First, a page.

Mongo ORM: A simple ORM for using MongoDB with the crystal programming language, designed for use with Amber. Based loosely on Granite ORM. Supports Rails-esque models, associations and embedded documents.
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README.md

Mongo ORM

This shard provides a basic ORM for using MongoDB wth the Crystal programming language. Mongo ORM is based on Granite ORM, and provides basic querying, associations, and model lifecycle capabilities. Mongo ORM is intended to be used with the Amber Framework, but can be used with vanilla crystal or any web framework.

Suggestions, feature requests, bug fixes, and pull requests are always welcome.

Installation

First you will need to install MongoDB (unless you are running a remote server), as well as the dependencies for Mongo.cr. On Arch Linux and Ubuntu, this can be done using your package manager as shown below. For other linux distrubutions, you may be able to use the script shown below.

Arch Linux:

Simply run:

$ sudo pacman -Syu libbson mongodb
$ sudo systemctl start mongodb

Ubuntu

Simply run:

sudo apt update
sudo apt install libmongoc-dev libmongoc-1.0-0 libmongoclient-dev

Other Linux:

Simply run ./install_linux_deps, the contents of which are shown below:

# install_linux_deps.sh
#!/bin/bash
mkdir -p lib || exit 1
cd lib || exit 1
wget https://github.com/mongodb/mongo-c-driver/releases/download/1.1.0/mongo-c-driver-1.1.0.tar.gz || exit 1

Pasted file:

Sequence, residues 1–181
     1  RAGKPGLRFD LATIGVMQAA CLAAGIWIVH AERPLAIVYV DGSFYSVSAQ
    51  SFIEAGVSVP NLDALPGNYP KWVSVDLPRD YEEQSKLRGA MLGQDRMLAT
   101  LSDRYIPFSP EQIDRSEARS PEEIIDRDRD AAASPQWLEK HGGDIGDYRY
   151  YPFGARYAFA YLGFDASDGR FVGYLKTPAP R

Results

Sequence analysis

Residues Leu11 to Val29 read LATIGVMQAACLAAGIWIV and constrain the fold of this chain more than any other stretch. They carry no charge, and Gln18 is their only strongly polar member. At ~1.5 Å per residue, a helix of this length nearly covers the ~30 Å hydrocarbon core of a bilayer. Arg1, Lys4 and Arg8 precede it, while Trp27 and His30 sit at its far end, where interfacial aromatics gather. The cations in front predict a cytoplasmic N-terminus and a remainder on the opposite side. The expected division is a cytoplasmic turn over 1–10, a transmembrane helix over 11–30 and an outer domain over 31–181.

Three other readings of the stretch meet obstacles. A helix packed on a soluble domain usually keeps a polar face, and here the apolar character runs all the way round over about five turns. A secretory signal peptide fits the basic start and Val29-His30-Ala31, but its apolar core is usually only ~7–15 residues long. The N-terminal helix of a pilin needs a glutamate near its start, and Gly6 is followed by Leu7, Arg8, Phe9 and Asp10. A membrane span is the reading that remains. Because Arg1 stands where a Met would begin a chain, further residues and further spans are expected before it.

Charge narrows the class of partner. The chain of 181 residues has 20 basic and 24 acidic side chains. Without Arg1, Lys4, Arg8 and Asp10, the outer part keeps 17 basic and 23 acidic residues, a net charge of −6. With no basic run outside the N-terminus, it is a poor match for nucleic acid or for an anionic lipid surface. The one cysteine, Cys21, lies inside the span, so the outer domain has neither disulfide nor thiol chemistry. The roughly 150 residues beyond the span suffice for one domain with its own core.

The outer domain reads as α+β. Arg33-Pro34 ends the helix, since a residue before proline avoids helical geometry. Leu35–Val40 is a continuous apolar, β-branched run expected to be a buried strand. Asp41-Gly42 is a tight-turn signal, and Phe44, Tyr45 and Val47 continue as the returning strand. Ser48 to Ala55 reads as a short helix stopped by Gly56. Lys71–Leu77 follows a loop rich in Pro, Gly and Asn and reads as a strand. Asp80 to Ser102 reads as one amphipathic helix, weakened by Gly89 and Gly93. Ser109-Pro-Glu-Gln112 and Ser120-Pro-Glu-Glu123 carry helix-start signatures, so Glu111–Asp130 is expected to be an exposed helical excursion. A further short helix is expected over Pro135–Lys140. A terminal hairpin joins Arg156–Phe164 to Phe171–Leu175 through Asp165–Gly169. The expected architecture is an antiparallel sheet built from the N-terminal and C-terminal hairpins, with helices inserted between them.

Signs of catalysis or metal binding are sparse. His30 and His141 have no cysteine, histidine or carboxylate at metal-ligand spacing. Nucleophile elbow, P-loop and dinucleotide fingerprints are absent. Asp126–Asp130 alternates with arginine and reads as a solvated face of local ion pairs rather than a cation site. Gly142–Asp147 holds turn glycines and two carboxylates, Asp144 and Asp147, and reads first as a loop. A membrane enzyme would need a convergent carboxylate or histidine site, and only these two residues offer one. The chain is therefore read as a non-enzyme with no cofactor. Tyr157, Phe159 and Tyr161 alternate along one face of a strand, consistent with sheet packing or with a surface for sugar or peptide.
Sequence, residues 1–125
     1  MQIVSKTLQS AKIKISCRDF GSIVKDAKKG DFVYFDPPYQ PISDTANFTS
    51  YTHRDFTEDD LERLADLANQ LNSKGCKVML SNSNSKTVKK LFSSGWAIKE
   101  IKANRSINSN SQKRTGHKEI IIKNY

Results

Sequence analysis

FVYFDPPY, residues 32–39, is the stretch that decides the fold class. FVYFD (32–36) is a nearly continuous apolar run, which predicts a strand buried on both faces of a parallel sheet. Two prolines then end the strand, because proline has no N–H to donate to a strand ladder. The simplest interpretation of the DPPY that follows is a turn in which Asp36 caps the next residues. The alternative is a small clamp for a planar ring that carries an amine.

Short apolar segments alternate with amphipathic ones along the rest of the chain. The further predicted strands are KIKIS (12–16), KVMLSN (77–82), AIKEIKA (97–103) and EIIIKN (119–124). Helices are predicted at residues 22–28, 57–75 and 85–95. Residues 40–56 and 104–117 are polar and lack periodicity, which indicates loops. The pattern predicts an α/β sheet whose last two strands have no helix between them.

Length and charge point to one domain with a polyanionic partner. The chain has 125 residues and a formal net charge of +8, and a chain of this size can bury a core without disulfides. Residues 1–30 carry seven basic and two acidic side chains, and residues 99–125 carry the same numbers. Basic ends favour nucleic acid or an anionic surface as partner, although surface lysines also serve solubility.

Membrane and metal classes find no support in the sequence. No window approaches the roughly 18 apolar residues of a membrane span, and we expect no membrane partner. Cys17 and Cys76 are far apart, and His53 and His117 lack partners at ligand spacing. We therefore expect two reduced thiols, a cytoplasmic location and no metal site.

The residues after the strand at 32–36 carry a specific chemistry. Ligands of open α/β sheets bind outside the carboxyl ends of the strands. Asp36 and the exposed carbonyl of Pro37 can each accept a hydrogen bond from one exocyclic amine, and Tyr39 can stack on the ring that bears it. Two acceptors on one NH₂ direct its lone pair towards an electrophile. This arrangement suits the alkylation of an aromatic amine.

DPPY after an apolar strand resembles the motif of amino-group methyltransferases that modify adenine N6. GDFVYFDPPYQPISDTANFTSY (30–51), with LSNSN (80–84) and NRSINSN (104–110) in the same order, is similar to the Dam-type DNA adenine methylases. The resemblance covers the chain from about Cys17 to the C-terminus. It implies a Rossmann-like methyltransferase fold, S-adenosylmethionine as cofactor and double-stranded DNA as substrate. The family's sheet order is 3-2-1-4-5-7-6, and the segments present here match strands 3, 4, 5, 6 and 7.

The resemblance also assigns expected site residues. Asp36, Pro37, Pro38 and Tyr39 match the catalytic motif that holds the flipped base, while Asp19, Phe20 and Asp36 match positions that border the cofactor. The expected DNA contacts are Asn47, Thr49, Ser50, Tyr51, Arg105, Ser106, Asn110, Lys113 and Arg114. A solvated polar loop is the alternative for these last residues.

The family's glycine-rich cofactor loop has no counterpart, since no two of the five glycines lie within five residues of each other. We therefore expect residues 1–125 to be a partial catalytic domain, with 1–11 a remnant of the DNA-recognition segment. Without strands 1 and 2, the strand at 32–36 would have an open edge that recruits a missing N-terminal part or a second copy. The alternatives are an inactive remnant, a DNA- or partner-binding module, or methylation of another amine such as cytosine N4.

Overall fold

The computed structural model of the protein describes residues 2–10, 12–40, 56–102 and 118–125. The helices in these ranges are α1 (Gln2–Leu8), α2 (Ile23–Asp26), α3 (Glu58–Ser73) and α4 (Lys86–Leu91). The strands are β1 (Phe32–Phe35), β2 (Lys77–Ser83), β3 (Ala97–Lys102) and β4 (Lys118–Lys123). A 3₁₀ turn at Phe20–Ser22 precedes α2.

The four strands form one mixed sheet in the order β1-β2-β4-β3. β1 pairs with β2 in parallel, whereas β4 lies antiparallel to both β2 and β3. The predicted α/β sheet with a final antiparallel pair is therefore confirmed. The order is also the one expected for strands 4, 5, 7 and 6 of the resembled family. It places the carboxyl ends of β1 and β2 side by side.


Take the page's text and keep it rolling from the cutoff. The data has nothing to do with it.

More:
tar -zxvf mongo-c-driver-1.1.0.tar.gz && cd mongo-c-driver-1.1.0/ || exit 1
./configure --prefix=/usr --libdir=/usr/lib || exit 1
make -j4 || exit 1
sudo make install -j4 || exit 1

MacOS:

You can just run ./install_macos_deps, the contents of which are shown below:

#!/bin/bash
curl -LO https://github.com/mongodb/mongo-c-driver/releases/download/1.9.4/mongo-c-driver-1.9.4.tar.gz || exit 1
tar xzf mongo-c-driver-1.9.4.tar.gz || exit 1
cd mongo-c-driver-1.9.4 || exit 1
./configure || exit 1
make || exit 1
sudo make install || exit 1

Next, add the following to the shard.yml file in your project and run shards install:

# shard.yml
dependencies:
  mongo_orm:
    github: sam0x17/mongo_orm

Establishing MongoDB Connection

By default (with zero configuration), Mongo ORM will attempt to connect to a database running at localhost:27017 which is the default MongoDB port, with the database name monogo_orm_db.

Using Environment Variables